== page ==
Value and use of by-products in the cow herd
Rick Rasby, Beef Specialist, UNL
Corn byproducts, particularly those obtained from ethanol production processes, can be effectively used to supplement protein or energy for backgrounding cattle or in heifer and cow diets, according to Rick Rasby, University of Nebraska-Lincoln (UNL) beef specialist. But, considerable difference exists between corn gluten feed byproducts obtained from wet milling and distillers grains obtained from dry milling in terms of nutritional value, he warned attendees of the 2003 Range Beef Cow Symposium.
Because corn-milling product supplies will increase with growth in the ethanol industry, beef specialist Rick Rasby encouraged producers to use more byproducts when priced competitively.
"A number of factors can impact the nutrient profile of distillers grains, such as moisture content, grain selection, ratio of grains and distillers solubles included in the product, continuous versus batch fermentation, as well as drying temperature and duration," he said. Moisture variation may pose the biggest challenge in managing wet byproducts. Producers should get a feed analysis that includes moisture content and other nutrients."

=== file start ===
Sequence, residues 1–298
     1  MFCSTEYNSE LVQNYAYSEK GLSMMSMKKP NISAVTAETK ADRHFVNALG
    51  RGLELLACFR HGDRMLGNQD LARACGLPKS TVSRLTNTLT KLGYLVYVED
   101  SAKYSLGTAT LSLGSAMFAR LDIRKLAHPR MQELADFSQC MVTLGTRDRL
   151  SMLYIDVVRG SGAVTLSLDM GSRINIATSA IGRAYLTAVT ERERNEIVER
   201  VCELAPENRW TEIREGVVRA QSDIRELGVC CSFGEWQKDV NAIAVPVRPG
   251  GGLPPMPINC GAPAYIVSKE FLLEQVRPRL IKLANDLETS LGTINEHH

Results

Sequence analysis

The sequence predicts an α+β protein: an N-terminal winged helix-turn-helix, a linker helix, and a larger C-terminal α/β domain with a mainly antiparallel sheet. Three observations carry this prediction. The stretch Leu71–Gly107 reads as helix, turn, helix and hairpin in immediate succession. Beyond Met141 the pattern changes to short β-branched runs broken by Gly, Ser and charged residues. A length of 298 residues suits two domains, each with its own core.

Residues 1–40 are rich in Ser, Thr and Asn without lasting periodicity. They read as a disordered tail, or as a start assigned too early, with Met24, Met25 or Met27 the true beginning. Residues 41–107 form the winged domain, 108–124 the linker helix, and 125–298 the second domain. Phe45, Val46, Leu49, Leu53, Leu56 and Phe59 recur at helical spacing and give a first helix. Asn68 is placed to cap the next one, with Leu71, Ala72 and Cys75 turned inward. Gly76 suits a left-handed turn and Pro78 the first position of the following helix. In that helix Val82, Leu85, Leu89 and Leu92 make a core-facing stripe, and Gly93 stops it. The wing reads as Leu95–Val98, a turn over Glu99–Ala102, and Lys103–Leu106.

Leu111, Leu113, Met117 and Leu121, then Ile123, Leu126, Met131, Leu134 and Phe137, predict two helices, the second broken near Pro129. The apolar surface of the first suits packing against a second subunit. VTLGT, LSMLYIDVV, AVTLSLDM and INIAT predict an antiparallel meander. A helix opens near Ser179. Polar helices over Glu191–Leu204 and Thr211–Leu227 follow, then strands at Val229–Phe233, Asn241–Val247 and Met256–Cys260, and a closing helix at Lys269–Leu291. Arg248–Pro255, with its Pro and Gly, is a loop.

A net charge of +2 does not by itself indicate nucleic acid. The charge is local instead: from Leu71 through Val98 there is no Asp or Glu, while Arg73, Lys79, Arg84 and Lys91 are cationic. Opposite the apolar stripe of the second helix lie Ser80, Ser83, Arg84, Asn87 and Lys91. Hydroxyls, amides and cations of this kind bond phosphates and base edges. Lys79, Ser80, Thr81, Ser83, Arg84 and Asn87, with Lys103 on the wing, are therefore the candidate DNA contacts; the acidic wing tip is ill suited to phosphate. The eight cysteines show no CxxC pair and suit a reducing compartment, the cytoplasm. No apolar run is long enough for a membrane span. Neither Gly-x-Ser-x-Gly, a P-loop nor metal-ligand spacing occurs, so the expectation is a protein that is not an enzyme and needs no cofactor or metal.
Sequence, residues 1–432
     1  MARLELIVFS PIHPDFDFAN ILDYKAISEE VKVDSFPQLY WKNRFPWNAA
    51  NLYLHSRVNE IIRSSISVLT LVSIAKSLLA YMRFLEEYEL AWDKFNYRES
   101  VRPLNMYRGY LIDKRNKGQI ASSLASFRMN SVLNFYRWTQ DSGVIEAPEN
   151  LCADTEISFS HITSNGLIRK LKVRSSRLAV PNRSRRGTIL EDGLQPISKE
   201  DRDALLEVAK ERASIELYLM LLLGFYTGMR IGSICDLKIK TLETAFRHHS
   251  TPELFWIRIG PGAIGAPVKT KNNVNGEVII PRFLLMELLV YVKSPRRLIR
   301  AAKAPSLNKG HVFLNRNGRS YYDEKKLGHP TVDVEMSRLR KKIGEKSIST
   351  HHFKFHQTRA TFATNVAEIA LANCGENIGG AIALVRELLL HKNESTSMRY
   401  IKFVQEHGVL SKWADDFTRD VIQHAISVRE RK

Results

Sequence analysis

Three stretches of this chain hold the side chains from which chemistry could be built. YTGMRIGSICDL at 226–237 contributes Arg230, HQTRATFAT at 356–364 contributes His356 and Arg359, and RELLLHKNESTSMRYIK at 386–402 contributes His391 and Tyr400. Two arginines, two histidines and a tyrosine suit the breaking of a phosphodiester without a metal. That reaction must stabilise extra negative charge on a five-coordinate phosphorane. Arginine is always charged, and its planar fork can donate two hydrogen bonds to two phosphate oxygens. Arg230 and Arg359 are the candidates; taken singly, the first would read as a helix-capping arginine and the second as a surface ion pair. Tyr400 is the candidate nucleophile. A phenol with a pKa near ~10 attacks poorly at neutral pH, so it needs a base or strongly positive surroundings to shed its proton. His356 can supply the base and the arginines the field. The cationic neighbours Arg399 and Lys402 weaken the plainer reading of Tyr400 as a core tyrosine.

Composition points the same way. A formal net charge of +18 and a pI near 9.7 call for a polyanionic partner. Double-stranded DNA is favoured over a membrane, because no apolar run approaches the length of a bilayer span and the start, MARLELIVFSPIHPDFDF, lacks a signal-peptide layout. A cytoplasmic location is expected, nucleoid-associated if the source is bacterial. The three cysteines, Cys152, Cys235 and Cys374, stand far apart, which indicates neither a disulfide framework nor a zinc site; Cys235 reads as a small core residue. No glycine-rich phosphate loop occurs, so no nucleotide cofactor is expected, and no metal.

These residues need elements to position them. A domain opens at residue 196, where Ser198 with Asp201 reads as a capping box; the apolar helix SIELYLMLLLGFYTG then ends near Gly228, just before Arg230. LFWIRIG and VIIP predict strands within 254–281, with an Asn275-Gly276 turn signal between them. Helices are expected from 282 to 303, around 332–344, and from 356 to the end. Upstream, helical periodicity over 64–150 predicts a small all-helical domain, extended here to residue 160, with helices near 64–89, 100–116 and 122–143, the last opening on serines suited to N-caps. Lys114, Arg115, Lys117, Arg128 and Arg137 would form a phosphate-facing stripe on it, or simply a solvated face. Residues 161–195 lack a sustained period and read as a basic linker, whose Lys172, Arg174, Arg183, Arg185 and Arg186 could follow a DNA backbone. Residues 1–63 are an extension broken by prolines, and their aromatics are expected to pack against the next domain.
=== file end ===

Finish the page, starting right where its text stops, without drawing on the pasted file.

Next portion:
In general terms, Rasby said both corn gluten feed and distillers grains are good sources of protein. Distillers grains are high in UIP (undegraded intake protein) and make an excellent feed for young, growing cattle and lactating cows. Corn gluten, as a protein source, is high in DIP (degradable intake protein) and nitrogen for rumen microbes.
Both products also can supply energy. Cows may require energy through the winter, during early spring following calving, or for replacement heifers. When forage quality is poor or quantity is limited by drought, byproducts may have an ideal fit. Both byproducts work well in cornstalk grazing situations, while dry distillers grains may be an attractive grazing supplement when forage prices are high or forage is limited.
"The energy value of wet distillers grains is 125% or more the energy value of (commodity) corn," Rasby told producers. "Wet corn gluten feed varies from equal to or slightly higher energy than corn, depending on the amount of steep liquor. When corn gluten feed is dried, the energy value of the feed is reduced."
When direct comparisons are made, the energy value of wet products is superior, with little difference in protein quality, he added. Both byproducts may supply DIP and UIP; reduce or eliminate negative associative effects; alleviate acidosis; or have positive, related effects that complicate comparisons to traditional energy and protein sources.
Because corn-milling product supplies will increase with growth in the ethanol industry, Rasby encouraged producers to use more byproducts when priced competitively.
by Barb Baylor Anderson
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